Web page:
One of President Obama’s first actions after his inauguration in 2009 was to issue a memorandum on making the government more accessible to the American people.
“My administration is committed to creating an unprecedented level of openness in government,” the president wrote. “We will work together to ensure the public trust and establish a system of transparency, public participation and collaboration.”
Since then, it’s been a long and winding road toward achieving this vaunted ideal.
For those of us in the news media, the Obama administration hasn’t ushered in an “unprecedented level of openness.” What we often see is increased stonewalling on interviews with key officials, a pileup of pending Freedom of Information Act requests, an unwillingness to share more than basic information about government operations, a lack of trust in reporters, and an ever tighter level of message control.
That concern probably doesn’t elicit much sympathy in the federal ranks. Indeed, in May, a Public Service Recognition Week event at the Partnership for Public Service in Washington quickly turned into a media-bashing session. Reporters, both participants and attendees agreed, overwhelmingly focus on the negative in federal operations.
“The good stories are buried on page five in the lower-left corner and are gone in a few seconds,” said Health and Human Services Secretary Kathleen Sebelius.
After various reporters stepped up to the microphones during the session to ask about recent scandals at GSA and the Secret Service, one federal employeedrew a round of applause when she declared that she was not a member of a news organization.
Federal officials doubtless know that many Americans share their dim view of the media. And that surely emboldens some of them to believe that the public will not equate failure to meet reporters’ demands with failure to conduct government operations in an open and participatory manner.
But there’s also a deeper issue at work here, as Joe Marks points out in our cover story this month: When discussing openness and transparency, administration officials and good government advocates are simply speaking a different language than members of the news media and watchdog groups.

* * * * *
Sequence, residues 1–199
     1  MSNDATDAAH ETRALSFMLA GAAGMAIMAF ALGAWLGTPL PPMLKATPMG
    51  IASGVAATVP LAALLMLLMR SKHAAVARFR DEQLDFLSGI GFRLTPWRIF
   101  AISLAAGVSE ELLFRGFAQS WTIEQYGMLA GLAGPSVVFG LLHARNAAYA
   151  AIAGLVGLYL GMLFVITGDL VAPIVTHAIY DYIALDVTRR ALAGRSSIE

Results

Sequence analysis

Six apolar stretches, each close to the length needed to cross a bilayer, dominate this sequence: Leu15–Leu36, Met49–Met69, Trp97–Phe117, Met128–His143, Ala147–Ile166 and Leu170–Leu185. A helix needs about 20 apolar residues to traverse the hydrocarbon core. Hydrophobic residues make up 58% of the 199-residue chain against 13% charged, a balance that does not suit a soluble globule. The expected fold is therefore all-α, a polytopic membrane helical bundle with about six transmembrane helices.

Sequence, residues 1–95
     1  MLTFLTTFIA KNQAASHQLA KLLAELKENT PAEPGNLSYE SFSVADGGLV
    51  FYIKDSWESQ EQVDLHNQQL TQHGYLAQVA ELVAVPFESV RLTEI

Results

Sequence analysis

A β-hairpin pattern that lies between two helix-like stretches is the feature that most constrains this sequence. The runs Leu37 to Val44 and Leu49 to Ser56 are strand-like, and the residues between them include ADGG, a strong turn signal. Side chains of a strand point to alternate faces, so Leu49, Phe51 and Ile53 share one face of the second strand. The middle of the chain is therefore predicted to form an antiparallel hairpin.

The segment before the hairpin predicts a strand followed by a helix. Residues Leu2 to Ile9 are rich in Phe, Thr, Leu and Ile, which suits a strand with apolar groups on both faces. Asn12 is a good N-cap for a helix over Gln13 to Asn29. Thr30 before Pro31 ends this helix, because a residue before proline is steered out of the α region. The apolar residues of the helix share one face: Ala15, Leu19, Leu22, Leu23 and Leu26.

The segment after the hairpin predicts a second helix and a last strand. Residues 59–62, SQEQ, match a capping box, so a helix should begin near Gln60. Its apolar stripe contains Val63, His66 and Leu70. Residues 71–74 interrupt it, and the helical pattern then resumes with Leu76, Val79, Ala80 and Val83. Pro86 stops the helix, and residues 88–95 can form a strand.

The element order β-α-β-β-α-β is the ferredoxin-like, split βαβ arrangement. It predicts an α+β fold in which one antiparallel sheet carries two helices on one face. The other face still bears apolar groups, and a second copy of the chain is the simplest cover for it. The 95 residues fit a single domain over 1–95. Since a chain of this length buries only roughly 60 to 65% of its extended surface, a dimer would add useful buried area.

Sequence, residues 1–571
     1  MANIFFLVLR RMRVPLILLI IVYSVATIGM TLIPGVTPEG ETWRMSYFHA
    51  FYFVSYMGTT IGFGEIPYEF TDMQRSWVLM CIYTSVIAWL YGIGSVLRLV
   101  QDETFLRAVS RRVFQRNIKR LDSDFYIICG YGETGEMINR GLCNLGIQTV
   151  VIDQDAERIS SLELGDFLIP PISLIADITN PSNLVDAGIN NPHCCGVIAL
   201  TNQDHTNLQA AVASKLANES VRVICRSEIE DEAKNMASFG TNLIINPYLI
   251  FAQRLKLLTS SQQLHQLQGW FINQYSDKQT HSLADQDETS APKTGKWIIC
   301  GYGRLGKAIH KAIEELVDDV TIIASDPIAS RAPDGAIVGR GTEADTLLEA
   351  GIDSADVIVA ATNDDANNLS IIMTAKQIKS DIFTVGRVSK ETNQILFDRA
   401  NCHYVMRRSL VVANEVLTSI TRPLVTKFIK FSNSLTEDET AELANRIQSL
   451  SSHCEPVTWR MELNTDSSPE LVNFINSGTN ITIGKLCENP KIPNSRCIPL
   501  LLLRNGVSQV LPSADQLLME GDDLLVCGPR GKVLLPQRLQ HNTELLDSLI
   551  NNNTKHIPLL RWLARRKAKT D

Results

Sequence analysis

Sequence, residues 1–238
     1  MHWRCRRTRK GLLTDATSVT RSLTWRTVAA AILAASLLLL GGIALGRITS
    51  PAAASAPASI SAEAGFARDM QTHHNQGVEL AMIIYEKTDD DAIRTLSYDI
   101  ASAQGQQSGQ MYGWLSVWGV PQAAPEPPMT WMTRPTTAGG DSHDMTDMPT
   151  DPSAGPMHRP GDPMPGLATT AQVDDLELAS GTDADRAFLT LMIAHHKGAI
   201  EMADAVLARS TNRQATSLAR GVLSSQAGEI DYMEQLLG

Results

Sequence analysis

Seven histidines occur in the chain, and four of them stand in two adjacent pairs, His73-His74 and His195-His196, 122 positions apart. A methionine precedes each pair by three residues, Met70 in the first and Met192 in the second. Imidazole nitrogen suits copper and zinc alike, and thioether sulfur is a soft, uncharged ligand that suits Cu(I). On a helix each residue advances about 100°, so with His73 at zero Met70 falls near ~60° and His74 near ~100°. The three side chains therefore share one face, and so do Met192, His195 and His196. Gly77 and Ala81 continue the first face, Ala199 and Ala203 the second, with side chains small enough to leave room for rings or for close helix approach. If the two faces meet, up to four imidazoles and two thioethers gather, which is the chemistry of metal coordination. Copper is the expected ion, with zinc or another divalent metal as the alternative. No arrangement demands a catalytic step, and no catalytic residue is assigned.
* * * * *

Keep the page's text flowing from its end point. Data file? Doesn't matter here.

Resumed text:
To the administration and other transparency proponents, openness tends to be centered on data: making raw information collected by the government available in such a way that developers can use it to build applications that are helpful to citizens, informative and, in some cases, profitable. Not incidentally, such applications often play a key role in holding politicians, executive branch appointees and career civil servants accountable for their actions.
The problem is even repressive regimes can make certain data sets available to the public while hardly meeting the definition of “open.” So some scholars say it may be time to separate the concepts of open data and open government.
Even then, officials in the Obama administration and subsequent administrations likely will still choose to define openness and transparency in government in terms favorable to them. Already, it’s clear they prefer to take their case directly to citizens through social media and other technological innovations, rather than through mainstream media outreach. Obama, after all, recently became the first president to promote a Twitter hash tag in a public address.
The American people probably won’t have a problem with this approach—and might not even notice the news media being edged out of the process.